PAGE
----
Art gifts

Leechburg-area art students create custom birdhouses for local businesses

Some lucky birds are about to score colorful new digs, thanks to recent art creations by students at Leechburg Area High School.

The Birdhouse Project is the latest project from high school art teacher Shayle Prorok. Six students designed and painted birdhouses last month.

The homes will be donated to Cook Medical in Parks Township. Nest boxes in Cook were installed in May.

Joseph Felschow, corporate social responsibility representative at Cook, said the birds immediately settled into the nest boxes.

“Blackbirds, robins and even a few cardinals moved in within days. We are proud that the nesting boxes here on our campus are displayed and inhabited by local wildlife,” he said.

Joyce Hanz | Tribune-Review

Medical Cook in Parks Township

Helynn Gazda, a junior, got whimsical with her design.

“I was inspired by fairy houses and images of fantasy worlds,” Gazda said. “I loved doing this project. It’s for a good cause and I’m glad I was able to get involved.


Joyce Hanz | Tribune-Review

Helynn Gazda, an art student at Leechburg Area High School, has designed a fairy-themed birdhouse that will be donated to Cook Medical in Parks Township as part of the art department’s Birdhouse project.

The students worked on the birdhouses for several weeks, using acrylic paint and then sealing them to make them weatherproof.

Sophomore Eliza Trusiak chooses a popular dessert to adorn her birdhouse.

“It’s an ice cream theme. I thought it would be cute on campus and at Pink Day,” Trusiak said. “My art style isn’t usually this cute, but it was a fun and interesting project.”

Prorok implemented the project two years ago, donating six nesting boxes to Cook. The new houses will make a total of 12 donated birdhouses.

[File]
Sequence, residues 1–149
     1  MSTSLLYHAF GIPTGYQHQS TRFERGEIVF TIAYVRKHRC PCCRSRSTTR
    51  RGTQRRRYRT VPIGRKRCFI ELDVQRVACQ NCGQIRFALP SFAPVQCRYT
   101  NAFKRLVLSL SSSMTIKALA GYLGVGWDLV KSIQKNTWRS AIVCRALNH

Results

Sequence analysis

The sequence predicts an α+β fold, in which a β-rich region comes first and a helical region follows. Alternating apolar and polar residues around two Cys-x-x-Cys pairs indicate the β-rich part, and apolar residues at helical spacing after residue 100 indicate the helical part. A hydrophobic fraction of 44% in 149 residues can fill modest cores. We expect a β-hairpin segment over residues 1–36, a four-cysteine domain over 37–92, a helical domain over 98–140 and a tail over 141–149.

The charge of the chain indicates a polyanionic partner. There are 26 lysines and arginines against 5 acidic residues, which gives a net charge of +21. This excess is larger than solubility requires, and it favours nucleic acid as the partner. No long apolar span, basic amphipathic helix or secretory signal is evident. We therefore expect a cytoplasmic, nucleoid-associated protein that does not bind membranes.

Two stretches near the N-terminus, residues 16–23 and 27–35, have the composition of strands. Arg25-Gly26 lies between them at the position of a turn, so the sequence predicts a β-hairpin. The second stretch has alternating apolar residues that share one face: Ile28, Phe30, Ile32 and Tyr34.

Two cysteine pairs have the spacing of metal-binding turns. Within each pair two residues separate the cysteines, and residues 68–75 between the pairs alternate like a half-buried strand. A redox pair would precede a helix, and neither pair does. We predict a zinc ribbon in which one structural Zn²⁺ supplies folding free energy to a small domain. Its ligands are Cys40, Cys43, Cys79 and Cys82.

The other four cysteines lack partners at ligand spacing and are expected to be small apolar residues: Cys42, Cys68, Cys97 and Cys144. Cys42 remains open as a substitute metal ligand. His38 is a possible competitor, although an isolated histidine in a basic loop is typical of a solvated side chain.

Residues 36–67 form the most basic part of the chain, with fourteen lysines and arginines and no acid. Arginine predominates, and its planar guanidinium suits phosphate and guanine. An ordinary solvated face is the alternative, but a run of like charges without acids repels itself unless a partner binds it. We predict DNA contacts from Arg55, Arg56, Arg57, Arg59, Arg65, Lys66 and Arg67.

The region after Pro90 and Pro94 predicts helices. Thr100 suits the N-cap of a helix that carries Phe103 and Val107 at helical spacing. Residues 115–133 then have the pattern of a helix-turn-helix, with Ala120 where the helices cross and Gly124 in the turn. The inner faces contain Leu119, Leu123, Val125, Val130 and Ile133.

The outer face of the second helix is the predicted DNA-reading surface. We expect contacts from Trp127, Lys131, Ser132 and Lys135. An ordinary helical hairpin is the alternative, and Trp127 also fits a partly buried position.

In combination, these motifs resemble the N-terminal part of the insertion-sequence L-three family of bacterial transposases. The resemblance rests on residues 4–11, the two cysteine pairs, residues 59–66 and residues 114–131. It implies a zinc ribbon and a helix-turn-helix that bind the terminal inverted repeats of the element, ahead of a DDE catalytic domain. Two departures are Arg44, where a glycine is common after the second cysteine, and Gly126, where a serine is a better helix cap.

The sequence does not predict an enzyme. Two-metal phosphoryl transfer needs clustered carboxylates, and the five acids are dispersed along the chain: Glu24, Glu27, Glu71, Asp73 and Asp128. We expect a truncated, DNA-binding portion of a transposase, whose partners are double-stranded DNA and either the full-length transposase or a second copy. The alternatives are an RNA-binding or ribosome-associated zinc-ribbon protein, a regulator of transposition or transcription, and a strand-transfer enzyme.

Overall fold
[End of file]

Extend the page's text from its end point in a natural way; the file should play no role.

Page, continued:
“They are watching us to make more birdhouses every two months,” Prorok said of the ongoing project.

Students from the Technical Education Department made each birdhouse out of wood.

“This project is entirely in-house,” Prorok said. “From a community perspective, it’s important that people can see what’s going on in our classroom. These nesting boxes are visible on the outside. This helps students develop a bit of community pride.

Felschow said Cook has partnered with the Leechburg area school district in an effort to showcase student talent.

“Giving back to the places we live is one of seven values ​​that Cook encourages employees to have,” Felschow said. “We focus on community health, youth education and our social enterprise as social responsibilities as a company.”

Elderly Jasa Oliver nodded to his Ukrainian heritage with his design.

“The flowers on top are adorned with Ukrainian folk motifs, and on both sides is the Ukrainian coat of arms,” ​​Oliver said. “The front of the birdhouse features a sunflower, the national flower of Ukraine.”


Joyce Hanz | Tribune-Review

A custom Ukrainian themed birdhouse painted by Leechburg area high school art student Jasa Oliver.

The words written in Ukrainian on Oliver’s birdhouse translate to “Glory to Ukraine”.

Superintendent Tiffany Nix said displaying student artwork in the local community is a win-win proposition.

“Our partnership with Cook Medical is truly a gift to our school. It’s wonderful to have a local business that is so supportive and inclusive of our students, staff, and program,” said Nix.

Three of the birdhouses are very pink.

“My inspiration was to raise awareness of breast cancer, and I was happy to provide a home for a bird,” said freshman Sophia Charles.

The birdhouses were on display at Pink Day, a fundraising event for breast cancer research, held in Leechburg on Saturday.

Junior Azlynn Banichar incorporated Cook’s branding for his creation.

Banichar painted green four-leaf clovers with roses to represent breast cancer awareness and partnership with Cook.

Ryleigh Zamperini used wooden Popsicle sticks, rocks and pebbles for her birdhouse, placing each individually to make shingles and a roof.

“My theme was an abandoned cabin. The birdhouse was tough, but I loved every bit of it,” Zamperini said.

Joyce Hanz is editor of Tribune-Review. You can contact Joyce by email at [email protected] or via Twitter .